Unaffordability, however, is not temporary for households who purchase homes at the excessively high prices typical of the highly regulated markets. By reducing the share of households that can afford to buy homes, high Median Multiples inevitably lead to greater income disparity. Thus, to think of rising house prices as a good thing while ignoring the incomes that support them is to miss the point completely. Australian Reserve Bank Governor Ian MacFarlane emphasized this point in parliamentary testimony with reference to the unaffordable housing prices in Sydney. The reality, of course, is that the more affordable markets are the better performers by virtue of the higher standard of living that they facilitate for more households. However, the reality is that declining housing affordability has reached crisis proportions in many markets.

The study goes on to propose that land use restrictions are the big reason behind this rise, with charts to prove it too, but in general I have to question that theory.

Have land use restrictions dramatically changed in Boston, San Diego, Las Vegas, Florida, Phoenix, etc, in the last 5 years (places where prices have doubled in that time frame)?

If not, then why would land restrictions cause a sudden explosion now as opposed to a gradual escalation over time? Would the problem go away if all restrictions were removed in LA? I think not.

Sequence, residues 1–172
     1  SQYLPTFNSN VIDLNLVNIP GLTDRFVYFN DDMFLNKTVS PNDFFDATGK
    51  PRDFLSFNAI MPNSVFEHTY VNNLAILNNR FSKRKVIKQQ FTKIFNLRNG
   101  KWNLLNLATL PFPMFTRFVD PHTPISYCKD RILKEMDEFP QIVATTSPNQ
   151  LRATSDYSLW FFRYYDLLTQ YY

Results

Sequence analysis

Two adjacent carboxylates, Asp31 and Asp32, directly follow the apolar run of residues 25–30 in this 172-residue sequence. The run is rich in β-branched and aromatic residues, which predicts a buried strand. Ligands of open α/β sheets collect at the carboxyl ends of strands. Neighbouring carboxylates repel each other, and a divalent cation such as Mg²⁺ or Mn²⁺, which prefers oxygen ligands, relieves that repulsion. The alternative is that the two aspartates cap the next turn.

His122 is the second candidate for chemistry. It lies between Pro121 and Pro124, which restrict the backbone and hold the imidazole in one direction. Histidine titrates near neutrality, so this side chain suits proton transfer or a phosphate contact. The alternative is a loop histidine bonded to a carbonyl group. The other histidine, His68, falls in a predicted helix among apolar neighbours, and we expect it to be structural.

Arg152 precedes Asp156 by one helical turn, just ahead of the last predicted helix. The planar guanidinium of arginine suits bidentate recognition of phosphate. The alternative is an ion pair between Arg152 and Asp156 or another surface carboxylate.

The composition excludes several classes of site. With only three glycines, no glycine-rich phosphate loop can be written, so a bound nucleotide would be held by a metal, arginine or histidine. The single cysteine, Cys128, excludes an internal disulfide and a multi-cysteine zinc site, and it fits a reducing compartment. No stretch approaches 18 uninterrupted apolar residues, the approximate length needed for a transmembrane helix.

Perhaps a better answer is that manias simply got more carried away in some parts of the country than others for a multitude of reasons. The study did not mention proposition 13 or low property tax rates in Florida (at least I did not see it if they did). Las Vegas and Phoenix did participate in a big way in the bubble but as best as I know land was plentiful around Las Vegas and plentiful around Phoenix as well.

If land use is such an overriding factor then one would have to say that California will not crash. Does anyone buy that theory? I don’t. Did lack of land stop prices from crashing in Japan?

The progression of events seem to have been something like the following

  • 1% interest rates kicked off the mania.
  • People looking ahead to retirement started buying homes in warm places.
  • The bigger the price increases, the bigger the mania and the more people wanted in.
  • Those sitting on the sidelines and burnt by the Nasdaq crash started chasing the expanding housing bubble.
  • Cash out refis accelerated whatever trend there was in place.
  • Credit lending standards fell through the floor.
  • Buy now before it’s too late mentality kicked in. The bigger the bubble the bigger the panic buying until the supply of stupid buyers exhausted itself.
  • Rust belt places losing jobs did not participate whether or not land use restrictions were in place.

It seems to me it was a logical progression of things that rapidly came to a head as opposed to simply land use restrictions. Those comments, however, are nitpicking at a very significant research study. A tip of the hat goes to Demographia. International readers will appreciate the analysis as well. The study has ratings for all major urban markets in the US, Canada, UK, Ireland, New Zealand, and Australia. Please take a look.

Let’s now return to the original question:
Lacker vs. Lenders – Who is one to believe?
Is it close?

Mike Shedlock / Mish/